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Supporting downtown businesses is not a reason to return to the office for most city employees.

PMG PHOTO: JONATHAN HOUSE - A model of "Portlandia" inside the Portland Building at the beginning of the pandemic.The majority of city of Portland employees who work remotely would consider quitting if they are required to come to the office more than two days a week.

And few employees believe that helping to revitalize downtown businesses suffering economically is a reason to return to the office.

Those are two takeaways from a City of Portland Workplace Survey released Tuesday, July 19. The survey sought to measure employee attitudes about office work. It was first reported by Willamette Week.

Of the 3,447 employees who responded to the survey, 64% are currently working hybrid schedules and 8% are exclusively remote. According to the survey, of those workers:

• About 34% of hybrid respondents say they would consider applying for other jobs if the city required more than one day per week of on-site work. If the city required more than two days per week of on-site work, 64% would look for work elsewhere.

• About 38% of remote workers with exceptions say they would consider applying for other jobs if the city required them to perform any on-site work. If the city required more than one day per week of on-site work, 73% of remote workers with exceptions would look for work elsewhere.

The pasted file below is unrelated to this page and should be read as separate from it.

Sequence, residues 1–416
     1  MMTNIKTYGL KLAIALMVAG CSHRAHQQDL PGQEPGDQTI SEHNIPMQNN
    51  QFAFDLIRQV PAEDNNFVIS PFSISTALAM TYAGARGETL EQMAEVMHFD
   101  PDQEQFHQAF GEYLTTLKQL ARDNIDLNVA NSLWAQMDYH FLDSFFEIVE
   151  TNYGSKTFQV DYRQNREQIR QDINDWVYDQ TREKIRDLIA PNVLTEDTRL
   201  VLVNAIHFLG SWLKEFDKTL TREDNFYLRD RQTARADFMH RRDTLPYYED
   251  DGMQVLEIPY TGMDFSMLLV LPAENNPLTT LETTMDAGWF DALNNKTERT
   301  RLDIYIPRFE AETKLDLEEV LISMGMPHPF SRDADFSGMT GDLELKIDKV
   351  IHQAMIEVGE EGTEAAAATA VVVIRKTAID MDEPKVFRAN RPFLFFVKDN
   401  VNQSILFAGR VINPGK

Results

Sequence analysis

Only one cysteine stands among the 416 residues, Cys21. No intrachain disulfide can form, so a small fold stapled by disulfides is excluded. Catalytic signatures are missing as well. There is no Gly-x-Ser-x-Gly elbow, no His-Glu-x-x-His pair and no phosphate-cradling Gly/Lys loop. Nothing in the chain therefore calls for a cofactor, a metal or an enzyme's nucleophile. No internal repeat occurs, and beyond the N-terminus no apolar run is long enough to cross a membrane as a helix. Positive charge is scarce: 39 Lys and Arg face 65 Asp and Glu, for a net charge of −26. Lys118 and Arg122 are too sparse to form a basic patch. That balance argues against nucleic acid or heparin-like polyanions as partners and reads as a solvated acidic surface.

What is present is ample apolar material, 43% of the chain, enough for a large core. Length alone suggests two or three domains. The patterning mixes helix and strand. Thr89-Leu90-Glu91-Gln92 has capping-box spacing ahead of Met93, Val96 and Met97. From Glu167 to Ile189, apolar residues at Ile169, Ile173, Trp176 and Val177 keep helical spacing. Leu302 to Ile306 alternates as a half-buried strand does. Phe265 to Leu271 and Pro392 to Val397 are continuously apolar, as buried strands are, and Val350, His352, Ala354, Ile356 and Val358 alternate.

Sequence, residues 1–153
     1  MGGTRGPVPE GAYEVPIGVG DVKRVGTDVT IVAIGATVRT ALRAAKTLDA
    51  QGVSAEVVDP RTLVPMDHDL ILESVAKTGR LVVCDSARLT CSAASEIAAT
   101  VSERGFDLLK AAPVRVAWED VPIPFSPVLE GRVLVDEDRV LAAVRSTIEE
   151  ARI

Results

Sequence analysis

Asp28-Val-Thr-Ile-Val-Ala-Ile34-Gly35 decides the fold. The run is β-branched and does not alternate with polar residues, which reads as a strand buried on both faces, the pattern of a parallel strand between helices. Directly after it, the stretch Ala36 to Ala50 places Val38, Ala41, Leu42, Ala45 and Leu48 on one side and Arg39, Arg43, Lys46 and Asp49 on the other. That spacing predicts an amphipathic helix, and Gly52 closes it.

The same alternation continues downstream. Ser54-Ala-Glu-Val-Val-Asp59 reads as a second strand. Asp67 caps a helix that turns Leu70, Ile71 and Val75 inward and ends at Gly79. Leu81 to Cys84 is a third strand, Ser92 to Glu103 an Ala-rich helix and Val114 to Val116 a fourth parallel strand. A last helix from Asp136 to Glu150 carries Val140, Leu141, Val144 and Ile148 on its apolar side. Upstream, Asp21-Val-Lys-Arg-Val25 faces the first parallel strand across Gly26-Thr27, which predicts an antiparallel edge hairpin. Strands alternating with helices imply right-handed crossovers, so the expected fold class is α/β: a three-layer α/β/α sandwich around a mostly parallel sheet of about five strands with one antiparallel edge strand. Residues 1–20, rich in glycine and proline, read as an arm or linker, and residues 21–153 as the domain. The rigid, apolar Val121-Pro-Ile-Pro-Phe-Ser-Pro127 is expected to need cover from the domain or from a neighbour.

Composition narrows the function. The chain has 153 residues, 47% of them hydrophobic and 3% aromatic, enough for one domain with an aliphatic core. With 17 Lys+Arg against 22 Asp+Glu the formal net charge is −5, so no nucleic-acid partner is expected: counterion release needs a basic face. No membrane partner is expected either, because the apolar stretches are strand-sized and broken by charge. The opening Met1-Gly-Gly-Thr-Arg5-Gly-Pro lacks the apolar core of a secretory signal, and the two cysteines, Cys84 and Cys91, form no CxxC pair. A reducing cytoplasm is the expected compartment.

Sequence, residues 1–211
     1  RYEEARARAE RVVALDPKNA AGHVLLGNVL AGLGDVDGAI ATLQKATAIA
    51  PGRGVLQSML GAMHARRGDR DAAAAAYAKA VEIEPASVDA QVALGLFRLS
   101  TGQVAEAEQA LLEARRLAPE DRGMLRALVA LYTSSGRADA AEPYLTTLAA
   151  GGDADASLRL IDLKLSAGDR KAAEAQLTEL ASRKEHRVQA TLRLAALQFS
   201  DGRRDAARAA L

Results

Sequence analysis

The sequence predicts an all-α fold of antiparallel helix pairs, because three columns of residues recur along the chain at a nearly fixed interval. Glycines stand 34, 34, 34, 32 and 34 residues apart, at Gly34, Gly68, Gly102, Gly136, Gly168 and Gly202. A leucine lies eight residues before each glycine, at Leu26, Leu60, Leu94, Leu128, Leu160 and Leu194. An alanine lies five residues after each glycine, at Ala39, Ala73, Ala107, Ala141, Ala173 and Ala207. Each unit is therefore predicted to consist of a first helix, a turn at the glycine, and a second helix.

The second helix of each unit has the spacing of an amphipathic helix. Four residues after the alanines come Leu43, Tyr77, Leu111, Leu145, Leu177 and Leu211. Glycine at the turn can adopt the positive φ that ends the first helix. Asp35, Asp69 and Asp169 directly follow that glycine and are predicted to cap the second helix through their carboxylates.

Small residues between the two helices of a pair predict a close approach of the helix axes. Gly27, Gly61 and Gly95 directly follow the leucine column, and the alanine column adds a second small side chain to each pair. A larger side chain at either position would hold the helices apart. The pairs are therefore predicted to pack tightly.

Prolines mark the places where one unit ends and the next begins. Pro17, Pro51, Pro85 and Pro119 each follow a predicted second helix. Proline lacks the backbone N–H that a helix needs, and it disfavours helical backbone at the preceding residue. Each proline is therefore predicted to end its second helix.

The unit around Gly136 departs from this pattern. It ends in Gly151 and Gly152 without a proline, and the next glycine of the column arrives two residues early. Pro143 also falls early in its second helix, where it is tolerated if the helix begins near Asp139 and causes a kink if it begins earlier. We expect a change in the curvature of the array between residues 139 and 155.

Portland elected and business leaders have called for city workers to return to their offices to help support retailers and restaurants hurt by the pandemic and protests. The city and the Portland Business Alliance — the region's biggest business chamber — teamed up on an initiative in May called "Downtown Workers Are Here for Portland," an effort to get downtown workers spending money in the area again. Mayor Ted Wheeler has repeatedly said the return of these workers is critical to the health of the urban core.

City employees do not believe that is a priority, however, according to the survey.

"There is overwhelming sentiment that while city employees enjoy playing a part in a vibrant citywide economy, workplace decisions should not be based on that possibility. Respondents by and large said that they should not be placed in the position of being seen as a vehicle for economic stimulus — as many of them have their own financial issues as well," the survey said.

Other topics mentioned in the survey included concerns about workplace and downtown safety, concerns about COVID-19 outbreaks, and micro-aggressions experienced by people of color and LGBTQIA+ employees.

In his email to city employees Tuesday afternoon, Chief Administrative Officer Michael Jordan wrote, "City leaders will use this feedback as they chart the path forward, and I will keep you updated each step of the way."

The City Council has been meeting in person at City Hall. Employees are still working split schedules in the Portland Building, despite receiving a $195 million renovation that was completed at the beginning of the pandemic. A previous Portland Tribune story on the renovation can be found here.

The survey can be found here.


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